Did you know that cortisol also helps to regulate secretory IgA in your intestinal tract? Secretory IgA is your defense mechanism of your immune system in your gut. This means that cortisol has a crucial part in controlling the immune system in your gut. Therefore, when we’re stressed, our immune response in our gut is affected. The balance of good bacteria decreases giving way for the bad bacteria to grow. This can begin the cascade towards food intolerance. Please stay tuned to learn more about food allergies and food intolerance in our upcoming blog.
Cortisol secretion follows our natural circadian rhythm. Cortisol begins to rise at about 6 AM and peaks at about 8 AM. Throughout the day, our cortisol levels will fluctuate and begin to taper at night time with its lowest levels occurring when we’re asleep. When we go throughout the day without eating for long periods of time, our body will release more cortisol and adrenaline to continue our body’s normal functions. Knowing this piece of information will help us better understand when we should eat to support our adrenals.
In general: eat larger meals earlier in the day & eat smaller and lighter meals during the evening.
You’re here today because you have been thinking about how and if acupuncture can help your child. Well, you’re in the right spot!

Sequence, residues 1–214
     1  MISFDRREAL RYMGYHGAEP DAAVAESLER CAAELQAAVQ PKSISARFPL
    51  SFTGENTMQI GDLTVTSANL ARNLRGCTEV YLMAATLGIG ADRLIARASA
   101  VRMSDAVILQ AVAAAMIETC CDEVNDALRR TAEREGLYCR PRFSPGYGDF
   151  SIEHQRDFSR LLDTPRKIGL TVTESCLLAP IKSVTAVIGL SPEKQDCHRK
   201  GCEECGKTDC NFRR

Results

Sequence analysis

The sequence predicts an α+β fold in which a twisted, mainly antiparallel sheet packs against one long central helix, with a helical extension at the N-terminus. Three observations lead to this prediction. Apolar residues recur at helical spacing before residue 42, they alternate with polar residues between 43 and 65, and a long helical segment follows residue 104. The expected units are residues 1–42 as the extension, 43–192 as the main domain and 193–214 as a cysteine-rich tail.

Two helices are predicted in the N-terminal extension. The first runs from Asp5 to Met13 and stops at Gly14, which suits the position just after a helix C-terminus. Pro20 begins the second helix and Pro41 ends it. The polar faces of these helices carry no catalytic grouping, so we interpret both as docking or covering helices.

The acupuncture needles that I use on kids are much thinner than the ones I use in a typical adult session. It’s as thin as a strand of your hair. They may or may not feel anything when I use them. Kids have so much Qi in them that they don’t typically need a session that is as long as an adult would need. In addition, when I speak with kids, I use the phrase “Acu Taps.” This phrase immediately lets them know that it’s just taps. Acu Taps are only used if your child gives me permission to use it. I am on your child’s TEAM. Therefore, if you child says that he/she doesn’t want any needles. It’s okay. I have other techniques that I could use that can be just as effective as using Acu Taps such as tui na (Chinese massage), acupressure, gua sha, moxibustion, and pointer plus. In addition, I can make recommendations outside of their in office treatment to further optimize their health.
Below is a short list of some of the health challenges that Acupuncture has helped many kids with:
Dr Amy, ND, LAc
At my clinic it's all about helping you achieve health and wellness with the upmost best care. I enjoy providing consultations to encourage and support your innate self healing process by utilizing natural therapies with the least harm. I believe that education is such an important aspect of improving one's health. The more you learn, the more you become more conscious of yourself and the changes that happen in your body.